Sunday, May 31, 2009

re: last post

In hindsight, my last post might have come off as a little anti-digital. But what sense would that make if it was written by a self-proclaimed digital native? I'll clear things up by saying I am not anti-digital just pro integrated. After all we live in an offline world. Or do we? The answer to that is that we live in both worlds. And that's why we should take into account the mass coverage of TV, local appeal of radio and well...the customized approach of digital (variants: dee.gee.tul, dee.ji.TAL)

Monday, May 18, 2009

Media r(EV)loution

When TV was introduced to the public in the 50s some feared the future of cinema. Going out to the cinema was a favorite pastime at the time and studio owners reasoned that their audiences would be lured by the comfort of watching shows at home. I can imagine how excited people were to learn they didn’t have to get out to be entertained. They were clearly happy to go out before TV was invented but there’s no doubt that the frequency of “cinema outings” dropped after the introduction of quality TV shows.

Rewind to a few years earlier and the same story probably enfolded with radio and cinema. People were happy to stay home and listen to radio shows using their imagination to make up for lack of visuals but the larger than life moving pictures took them out of their homes.

Today we are experiencing the same thing with the internet and TV. This time around, the battle is not between Hollywood studio owners & TV producers. It’s between agencies: media agencies, ATL agencies, BTL agencies and I suppose it’s also between TV producers & social media/search organizations (facebook, google). Where is our audience going? How can we account for media spend? Clients/brands want to know. Everyone in the agency is involved(in no particular order):

CEOs / Board members want the best return on investment for clients
Account Directors / Managers want to serve their clients in the best way possible
Account Planners want the best ways to engage the
audience with the brand
Media / Communication Planners want the appropriate media to position the brand.
Creatives want to be given the freedom to be…creative.

and of course*…
Clients are concerned about their stakeholders, market share, profits etc
with the yearning to stay current, no one wants to be left behind.

If you examine the history of media, you’ll find that it always evolves. The present top dog will be succeeded by a more exciting form of entertainment/communication as it becomes more traditional. Traditional media still functions and though its initial novelty has faded, it is interwoven in our everyday lives (don’t underestimate the power of that). In college I learned from my sociology class that demand will always exist. It is supply that changes. So if the demand for entertainment / better communications is always going to be there, perhaps our focus should be on the supply. What inventions will shape the supply of communications & entertainment?

Case in point: With the rise of TV shows on YouTube / Hulu, consumers are catching their favorite shows online. This affects the TV viewership and ultimately the money generated from advertising. The demand for the TV shows is still there but convenience is an added demand. Networks are losing to online video networks who provide just that. What about TiVo/ Sky Plus you ask? They aren’t free, YouTube is. There isn’t one solution to this problem but it's worth looking back at how the old “top dogs” dealt with their mid age crisis. Hollywood studios responded with better movies and improved technology (color & sound).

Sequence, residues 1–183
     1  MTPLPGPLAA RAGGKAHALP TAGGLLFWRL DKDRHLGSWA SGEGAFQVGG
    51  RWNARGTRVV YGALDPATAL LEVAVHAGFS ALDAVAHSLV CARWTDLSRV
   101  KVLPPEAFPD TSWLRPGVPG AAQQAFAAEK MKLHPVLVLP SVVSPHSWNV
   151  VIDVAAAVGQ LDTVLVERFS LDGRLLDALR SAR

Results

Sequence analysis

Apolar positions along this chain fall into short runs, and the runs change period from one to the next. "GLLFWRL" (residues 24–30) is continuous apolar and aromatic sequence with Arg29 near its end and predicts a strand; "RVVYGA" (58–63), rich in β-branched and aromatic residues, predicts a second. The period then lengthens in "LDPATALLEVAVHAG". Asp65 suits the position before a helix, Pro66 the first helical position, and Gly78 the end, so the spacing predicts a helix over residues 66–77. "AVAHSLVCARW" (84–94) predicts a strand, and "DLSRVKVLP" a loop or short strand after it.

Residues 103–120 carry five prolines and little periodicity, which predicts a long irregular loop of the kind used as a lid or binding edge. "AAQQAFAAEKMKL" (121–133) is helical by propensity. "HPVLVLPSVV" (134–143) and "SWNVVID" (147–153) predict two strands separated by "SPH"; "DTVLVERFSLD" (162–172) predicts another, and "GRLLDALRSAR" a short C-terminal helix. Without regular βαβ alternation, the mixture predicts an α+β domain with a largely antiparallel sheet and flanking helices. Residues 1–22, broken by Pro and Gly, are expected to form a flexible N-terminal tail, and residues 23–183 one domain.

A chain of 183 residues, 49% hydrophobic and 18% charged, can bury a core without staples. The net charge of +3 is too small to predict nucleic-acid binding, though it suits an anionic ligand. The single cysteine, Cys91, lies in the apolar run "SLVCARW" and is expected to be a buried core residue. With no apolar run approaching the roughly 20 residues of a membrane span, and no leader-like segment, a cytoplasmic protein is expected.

I’ve heard long enough that digital is the future and that agencies without this function should brace themselves. I agree, but lets remember that Digital is the future as long as we’ll make it. Interaction might well be the demand while digital (whatever people mean when they say this) is the current supply.

*don't ask me what's meant by "exponential mindset" I just liked the Venn diagram, check out this blog to find out more ;)

Thursday, May 14, 2009

50 million visitors

Congrats to the FWA for reaching the 50 million mark, check them out and add yourself to their list.

worth the visit!

Wednesday, May 13, 2009

online and offline identity

The rise of social media (is anyone tired of hearing those words?) has brought about change in the ways we interact: globally, professionally, personally…and just about every interaction you can slap “ly” on. The fact that social media is changing our daily interactions is undisputed. So much so that social networking sites such as Facebook,, flickr etc are creating brands of themselves (even real brands are copying them). The news is out, social networking is here to stay.

So what do we make of this? Naturally, we respond in kind. When Facebook opened its doors to all members of the public back in 2006, what was once used (and known) as a “college networking” site transformed overnight to a global social networking site. People from all backgrounds became a part of it, old friends reunited, mother’s chimed in, teachers signed up, your bosses added you. It opened the door for new friendships, embarrassing photos, & pointless but funny status updates (pre-twitter era). But it reached a point where people began thinking of privacy and perhaps thinking of how their offline identities were catching up with their online personas.

Today, most people are developing their online brands.
The question I ask is how we can stay true to ourselves without giving away too much. Twitter raises this concern for me, in particular. Facebook saw a rise of private profiles as more people migrated there. What about twitter? When people are free enough to give you up-to-the-minute status updates of their lives (or at least, the lives they chose to reveal) what happens when you find out that your future employer checked out your twitter page or your friends find out you follow Britney Spears? Get a nickname I say!

Unilever's response

The wonders of the internet, I got the answer to my last post. Apparently, that video made its way on CNN and Unilever issued a response: was posted a year ago, which means they had an answer waiting before I even asked ;)

Tuesday, May 12, 2009

Dove, Lynx/Axe & Unilever